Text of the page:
a novel by Anne Simpson.
Quickie Recap: When tragedy strikes an already-tragic family, they take cover in Niagara Falls to relive some memories while trying to forget others.
Quickie Review: I admit, I was drawn to this book because I am drawn to the Falls, but even if you judged it on that one facet alone, it comes out looking pretty spiffy. Simpson lets the Horseshoe Falls stand in as a large, rushing, intimidating metaphor, but it never felt forced. Actually, there's a symmetry to this book that is intensely satisfying. It builds and releases, builds and releases. Perhaps it is morbid that I find grief to be so fascinating, but I believe that it is grief's personal nature that makes us all mesmerized if reluctant witnesses. The characters are perfect in their imperfections, all of them real because they are raw, because they bleed, because they feel things in gray, not in black or white.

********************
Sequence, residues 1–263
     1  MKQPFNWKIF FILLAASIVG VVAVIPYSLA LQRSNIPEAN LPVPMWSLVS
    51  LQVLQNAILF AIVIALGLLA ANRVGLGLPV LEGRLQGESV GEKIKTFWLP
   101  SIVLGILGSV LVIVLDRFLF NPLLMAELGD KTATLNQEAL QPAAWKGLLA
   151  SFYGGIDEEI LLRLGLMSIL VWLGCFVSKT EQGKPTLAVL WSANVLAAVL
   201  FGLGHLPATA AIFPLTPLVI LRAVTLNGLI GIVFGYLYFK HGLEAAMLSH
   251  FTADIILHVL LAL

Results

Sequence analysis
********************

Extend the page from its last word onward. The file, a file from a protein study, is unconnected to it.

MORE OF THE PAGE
Quickie Recommendation: A very gray book indeed, I wouldn't hesitate to recommend it.